Like other colonies, the ones in Australia had to fashion an identity which was distinctive from that of the imperial power, but also placed an emphasis on continuity. We had no ancient mythological origins (being unwilling to place ourselves within an Aboriginal cultural framework), no defining war of independence, no great hero who rose up to throw off the shackles of an oppressive overlord and no unique ethnic or racial identity, indeed a preference to see links with other "white" and Anglo places.

What we did have was a continent filled with a conveniently idiosyncratic, even weird, assortment of native animals and some very profitable introduced species to share it with. And it is to these co-inhabitants that we continue to turn in our attempts to symbolize our distinctive character and identity. A habit formed in the colonial period now fits a multicultural nation which increasingly finds pride in having not one background story, but many. Animals can equally represent, amuse or terrify us all.

Yet, for all the ways by which animals and their representation have helped shape Australian identity, the stark reality is that our nation has a truly appalling record of species extinctions, particularly of mammals. Twenty-nine species of native mammals, ranging from the thylacine to the toolache wallaby have become extinct since European colonisation. That equates to a third of all mammal extinctions anywhere in the world in the past 400 years. In the 3 minutes and 20 odd seconds it takes the horses to run the course at Flemington, the nation may stop, but the forces that play a role in pushing species to the brink of extinction such as habitat loss, feral animal predation and climate change will continue, nudging the 96 species currently listed as critically endangered a little closer to extinction as well. Despite all they have done for us, our impact on Australia's animals is anything but a matter for national pride.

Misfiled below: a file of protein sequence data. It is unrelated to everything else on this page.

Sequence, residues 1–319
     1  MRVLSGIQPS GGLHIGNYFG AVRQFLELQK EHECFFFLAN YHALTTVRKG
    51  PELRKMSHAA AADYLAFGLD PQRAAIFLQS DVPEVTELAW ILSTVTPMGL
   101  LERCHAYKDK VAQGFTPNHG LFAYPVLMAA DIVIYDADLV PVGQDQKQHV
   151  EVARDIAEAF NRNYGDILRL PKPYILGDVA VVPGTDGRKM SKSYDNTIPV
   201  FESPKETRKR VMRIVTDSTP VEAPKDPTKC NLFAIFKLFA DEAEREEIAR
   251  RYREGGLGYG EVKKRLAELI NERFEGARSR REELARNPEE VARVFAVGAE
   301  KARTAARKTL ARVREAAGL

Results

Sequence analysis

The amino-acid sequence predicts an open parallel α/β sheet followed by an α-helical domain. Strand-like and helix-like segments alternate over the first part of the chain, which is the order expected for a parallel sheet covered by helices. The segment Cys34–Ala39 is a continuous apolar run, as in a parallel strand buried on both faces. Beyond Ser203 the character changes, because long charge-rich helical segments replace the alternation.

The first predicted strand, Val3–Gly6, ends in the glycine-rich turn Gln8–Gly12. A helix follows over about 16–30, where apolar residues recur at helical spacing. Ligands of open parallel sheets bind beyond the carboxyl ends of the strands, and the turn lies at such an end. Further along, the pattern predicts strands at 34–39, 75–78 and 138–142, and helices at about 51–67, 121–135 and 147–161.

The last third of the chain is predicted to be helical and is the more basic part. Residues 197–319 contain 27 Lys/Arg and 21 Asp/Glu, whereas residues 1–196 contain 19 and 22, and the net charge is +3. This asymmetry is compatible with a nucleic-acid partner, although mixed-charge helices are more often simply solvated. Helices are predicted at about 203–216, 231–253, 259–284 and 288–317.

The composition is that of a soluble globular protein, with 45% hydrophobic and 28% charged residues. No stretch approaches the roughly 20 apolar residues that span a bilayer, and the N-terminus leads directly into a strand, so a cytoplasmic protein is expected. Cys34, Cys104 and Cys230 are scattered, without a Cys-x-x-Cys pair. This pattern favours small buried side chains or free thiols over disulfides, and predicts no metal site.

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About the Authors

Kevin Markwell, PhD is an associate professor in the School of Tourism and Hospitality Management, Southern Cross University. He is a cultural geographer with an interest in human-animal relations and he is the editor of the forthcoming book, Birds, Beasts and Tourists, Understanding Human-Animal Relations in Tourism.

Nancy Cushing, PhD, is a senior lecturer in Australian history in the School of Humanities and Social Sciences, University of Newcastle. Her primary interest is in environmental history and has focused in recent years on human-animal relations.

Creative Commons LicenseThis work is licensed under a Creative Commons License.